April 3, 2017. Not so much success last night with Jupiter. Around midnight, the seeing was not a lot worse than I had earlier for the moon, but Jupiter is not as forgiving a target as the moon is. I think the seeing blob was at least 3x my telescope’s resolution element. Was difficult to focus. I took 24 raw videos of 60 seconds duration using an ROI of 512x464 pixels and an exposure of 11 ms with the ASI174MC, 3x Barlow and the C14. Effective focal ratio (from image size measurement and known diameter of 44.15 arc seconds) was f/24.6. I aligned and stacked the raw 8-bit videos in AS!2, sharpened in Registax6 and derotated and stacked all 24 images using WinJUPOS to get the result below.
One thing I noted while using WinJUPOS was that as I loaded each image for entering the exact UT each was taken, there was a significant rotation of Jupiter between each one. Since the spacing between the videos was at most a second or two and each one was 60 seconds long, it appears that 60 seconds of video is really too long for a fast rotator like Jupiter. It was not so much a problem with this set of images because the resolution was poor, however, if I had better seeing, this much rotation would have resulted in rotational blur larger than the resolution element. I will have to look into the possibility of derotating the frames of the video before aligning and stacking. WinJUPOS might already be able to do that.
The dark brown streak in the NEB just left of center (east) is the trail left by the shadow of Io. Io itself is the yellow streak just below the shadow. Note also the big patch of clear blue sky in the EZ at the border with the NEB just east of the meridian.
I also constructed an animated GIFF from the 28 individual images I obtained from the videos. It is shown below.
March 25 2017. The virtues of NOT deBayering.
On the evening of September 20, 2013 I took a set of raw 8-bit videos of Jupiter under average to good seeing conditions with the ASI120MC, 2x Barlow and CPC-1100EdgeHD. At the time I was already using Autostakkert to recover the color from the videos using the "none” setting in the drizzling section and auto detect in the color menu. I dug up the old .avi file and ran it through Firecapture’s deBayer tool using the very best algorithm (IMHO) the HQLinear one that the Curiosity Rover uses on its images from the one-shot color mast cam. The resulting RGB video was (not surprisingly) three times as big as the original 8-bit video. I then used Autostakkert with the RGB setting in the color menu to process this debayered video, keeping the best 25% of the frames, just like I had done with the raw video when I drizzled in the color. I then processed both TIF files using Registax6 using only Gaussian wavelet#1 with 0.250 sharpen, 0.20 denoise. In the images below, the one on the left was deBayered using HQLinear, the one on the right was drizzled 1x (that is what you get with the “none” setting). If you look closely at the image on the left (see blowup of NEB/EZ region below) you will see the artifacts of deBayering sprinkled about the image. It is a kind of multicolor noise resulting from the interpolation inherent in deBayering. The drizzled image on the right has noise, but it is the normal noise resulting from a finite number of frames processed into the final image. In this case, the 1925 best frames of 7700 taken. The interpolated pixels created by deBayering algorithms are not additional information, in fact, they are just more or less reasonable made up values and do not contribute to our goal of sampling all the information we can get about the object being imaged.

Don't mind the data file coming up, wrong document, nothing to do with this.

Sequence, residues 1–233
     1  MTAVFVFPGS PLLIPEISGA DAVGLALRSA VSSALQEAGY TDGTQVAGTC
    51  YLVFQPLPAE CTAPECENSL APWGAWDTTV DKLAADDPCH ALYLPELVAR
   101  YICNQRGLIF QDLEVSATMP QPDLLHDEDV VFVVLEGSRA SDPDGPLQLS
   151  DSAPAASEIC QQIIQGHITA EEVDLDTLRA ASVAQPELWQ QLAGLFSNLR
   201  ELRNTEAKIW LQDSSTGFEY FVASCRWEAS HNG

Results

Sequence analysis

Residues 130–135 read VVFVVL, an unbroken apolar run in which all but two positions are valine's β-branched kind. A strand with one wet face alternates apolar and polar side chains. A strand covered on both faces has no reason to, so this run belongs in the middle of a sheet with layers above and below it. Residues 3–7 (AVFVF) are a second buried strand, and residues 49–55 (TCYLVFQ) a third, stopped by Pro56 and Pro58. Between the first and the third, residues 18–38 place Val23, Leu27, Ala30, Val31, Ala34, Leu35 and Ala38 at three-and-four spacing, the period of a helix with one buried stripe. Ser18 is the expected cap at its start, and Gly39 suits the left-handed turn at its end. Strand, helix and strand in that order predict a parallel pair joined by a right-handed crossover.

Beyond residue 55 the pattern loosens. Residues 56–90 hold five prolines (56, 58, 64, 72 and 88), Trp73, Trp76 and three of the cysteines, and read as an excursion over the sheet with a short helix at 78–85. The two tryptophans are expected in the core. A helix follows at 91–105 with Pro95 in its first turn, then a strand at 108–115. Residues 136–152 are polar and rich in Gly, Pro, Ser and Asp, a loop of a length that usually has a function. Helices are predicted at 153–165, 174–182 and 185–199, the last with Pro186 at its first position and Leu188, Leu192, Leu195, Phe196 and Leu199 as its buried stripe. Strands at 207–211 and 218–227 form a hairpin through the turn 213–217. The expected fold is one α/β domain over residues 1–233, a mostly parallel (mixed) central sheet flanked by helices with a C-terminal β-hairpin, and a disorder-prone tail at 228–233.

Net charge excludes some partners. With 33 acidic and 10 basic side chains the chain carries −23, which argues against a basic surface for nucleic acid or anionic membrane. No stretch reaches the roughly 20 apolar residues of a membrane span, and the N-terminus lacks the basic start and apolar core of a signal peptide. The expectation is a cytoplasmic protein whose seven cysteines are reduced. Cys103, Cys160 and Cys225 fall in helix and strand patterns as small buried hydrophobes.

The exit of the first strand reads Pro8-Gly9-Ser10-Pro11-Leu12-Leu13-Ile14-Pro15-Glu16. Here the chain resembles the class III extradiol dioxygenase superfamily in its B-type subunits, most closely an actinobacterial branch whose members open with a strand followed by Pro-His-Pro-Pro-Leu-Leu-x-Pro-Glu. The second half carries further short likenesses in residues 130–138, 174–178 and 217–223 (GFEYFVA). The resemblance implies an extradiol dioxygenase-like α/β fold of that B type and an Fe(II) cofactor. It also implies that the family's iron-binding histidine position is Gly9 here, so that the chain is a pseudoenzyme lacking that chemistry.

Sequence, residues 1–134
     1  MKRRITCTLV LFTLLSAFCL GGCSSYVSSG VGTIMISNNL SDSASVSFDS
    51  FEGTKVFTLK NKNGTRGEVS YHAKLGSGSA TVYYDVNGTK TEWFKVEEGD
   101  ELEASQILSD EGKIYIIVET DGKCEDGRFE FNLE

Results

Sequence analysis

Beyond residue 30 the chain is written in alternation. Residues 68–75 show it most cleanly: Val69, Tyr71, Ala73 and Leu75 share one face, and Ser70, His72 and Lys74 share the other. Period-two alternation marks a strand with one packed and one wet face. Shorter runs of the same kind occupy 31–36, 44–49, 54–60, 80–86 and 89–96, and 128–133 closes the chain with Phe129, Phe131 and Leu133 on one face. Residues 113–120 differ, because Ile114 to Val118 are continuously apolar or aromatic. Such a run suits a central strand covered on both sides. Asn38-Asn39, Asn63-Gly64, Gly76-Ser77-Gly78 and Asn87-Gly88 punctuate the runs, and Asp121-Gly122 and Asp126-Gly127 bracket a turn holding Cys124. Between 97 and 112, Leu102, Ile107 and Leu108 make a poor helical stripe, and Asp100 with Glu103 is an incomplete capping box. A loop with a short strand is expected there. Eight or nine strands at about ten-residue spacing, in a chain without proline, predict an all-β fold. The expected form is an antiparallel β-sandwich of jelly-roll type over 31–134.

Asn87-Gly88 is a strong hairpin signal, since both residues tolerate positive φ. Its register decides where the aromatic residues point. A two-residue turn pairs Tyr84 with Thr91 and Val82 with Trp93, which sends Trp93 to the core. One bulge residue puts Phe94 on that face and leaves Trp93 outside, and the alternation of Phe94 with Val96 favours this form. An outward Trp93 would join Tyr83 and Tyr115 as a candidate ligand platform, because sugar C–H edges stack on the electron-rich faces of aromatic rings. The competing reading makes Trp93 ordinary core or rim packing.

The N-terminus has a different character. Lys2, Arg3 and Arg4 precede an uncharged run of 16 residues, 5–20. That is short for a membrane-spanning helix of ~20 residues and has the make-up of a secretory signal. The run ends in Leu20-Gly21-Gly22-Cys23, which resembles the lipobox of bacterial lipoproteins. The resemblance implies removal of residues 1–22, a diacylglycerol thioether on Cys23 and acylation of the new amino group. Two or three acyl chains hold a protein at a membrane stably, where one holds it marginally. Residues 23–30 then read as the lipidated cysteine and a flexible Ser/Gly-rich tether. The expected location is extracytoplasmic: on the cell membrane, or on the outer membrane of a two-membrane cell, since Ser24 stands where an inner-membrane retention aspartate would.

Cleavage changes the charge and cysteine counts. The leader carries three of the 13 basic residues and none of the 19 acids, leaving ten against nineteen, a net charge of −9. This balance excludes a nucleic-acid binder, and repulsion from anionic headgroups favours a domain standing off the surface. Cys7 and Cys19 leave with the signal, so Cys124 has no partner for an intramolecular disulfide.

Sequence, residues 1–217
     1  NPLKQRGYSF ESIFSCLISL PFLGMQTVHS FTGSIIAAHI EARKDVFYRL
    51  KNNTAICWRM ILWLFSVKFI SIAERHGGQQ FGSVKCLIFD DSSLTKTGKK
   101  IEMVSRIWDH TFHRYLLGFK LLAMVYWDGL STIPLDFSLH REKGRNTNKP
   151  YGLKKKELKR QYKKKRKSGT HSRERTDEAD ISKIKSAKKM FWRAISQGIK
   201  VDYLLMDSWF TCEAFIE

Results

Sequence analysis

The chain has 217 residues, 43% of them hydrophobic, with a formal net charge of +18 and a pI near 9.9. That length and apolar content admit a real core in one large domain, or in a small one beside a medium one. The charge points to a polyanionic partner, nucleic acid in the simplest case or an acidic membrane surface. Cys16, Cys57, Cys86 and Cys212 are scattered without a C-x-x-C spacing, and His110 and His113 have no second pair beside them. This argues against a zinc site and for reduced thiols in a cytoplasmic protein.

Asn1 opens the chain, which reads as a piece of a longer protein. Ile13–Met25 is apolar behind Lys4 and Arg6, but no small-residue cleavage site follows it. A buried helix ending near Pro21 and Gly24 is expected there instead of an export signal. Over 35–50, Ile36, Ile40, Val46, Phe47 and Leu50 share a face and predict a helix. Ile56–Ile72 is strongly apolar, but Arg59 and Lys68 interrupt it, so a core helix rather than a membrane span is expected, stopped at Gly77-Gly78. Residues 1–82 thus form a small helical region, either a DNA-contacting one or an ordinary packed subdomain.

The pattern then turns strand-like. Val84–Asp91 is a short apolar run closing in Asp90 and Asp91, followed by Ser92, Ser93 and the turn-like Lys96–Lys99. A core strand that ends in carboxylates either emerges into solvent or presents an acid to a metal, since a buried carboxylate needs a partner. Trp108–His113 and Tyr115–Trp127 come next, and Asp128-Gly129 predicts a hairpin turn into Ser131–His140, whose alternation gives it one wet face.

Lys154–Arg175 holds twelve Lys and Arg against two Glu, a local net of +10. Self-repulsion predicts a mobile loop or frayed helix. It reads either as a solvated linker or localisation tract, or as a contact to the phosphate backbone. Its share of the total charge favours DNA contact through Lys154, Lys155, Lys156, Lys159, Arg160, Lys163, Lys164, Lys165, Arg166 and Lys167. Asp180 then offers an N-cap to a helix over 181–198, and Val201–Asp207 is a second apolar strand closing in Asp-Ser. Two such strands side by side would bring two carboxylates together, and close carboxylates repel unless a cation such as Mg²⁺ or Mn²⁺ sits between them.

July 5, 2016. In celebration of Juno's successful insertion into orbit at Jupiter I decided to make an attempt at imaging Jupiter under twilight and partial overcast conditions. Using the ASI224MC coupled to the CPC-1100EdgeHD with a 2x Barlow and using my home made ADC I took a set of 19 videos of 60 seconds duration using an exposure of 3.7ms and a gain of about 321. Focal ratio was f/20.0. I used the keep histogram constant feature in FireCapture set at 80% in an attempt to deal with the light and variable overcast. Seeing was fairly good for the first 6 videos of the set, but deteriorated as the sky became darker. The videos were processed using Autostakkert, keeping only the best 20% of the 9214 frames captured. The resulting raw stacks were sharpened in Registax6 and the RGB adjust and histogram tools were used to remove the daylight background, first shifting the blue to line up with the red and green with the RGB adjust tool and then setting the black point to the right of the sky background peak. Only the first 6 of 19 images were usable because the seeing deteriorated rapidly after 8:24 PM EDT. These six were derotated and stacked in WinJUPOS and the result again sharpened in Registax6. Not a bad result considering the conditions. The small white ovals in the SSTB were about 0.9 arc seconds in diameter. At the distance of Jupiter of 5.82 AU this translates to about 400 miles across. Note that the resolving power of an 11" aperture is about 0.42 arc seconds. The dark spots in the NNTB are comparable in size. Note numerous blue festoons in the EZ. These are actually spots of clear blue sky like the one the Galileo probe parachuted through.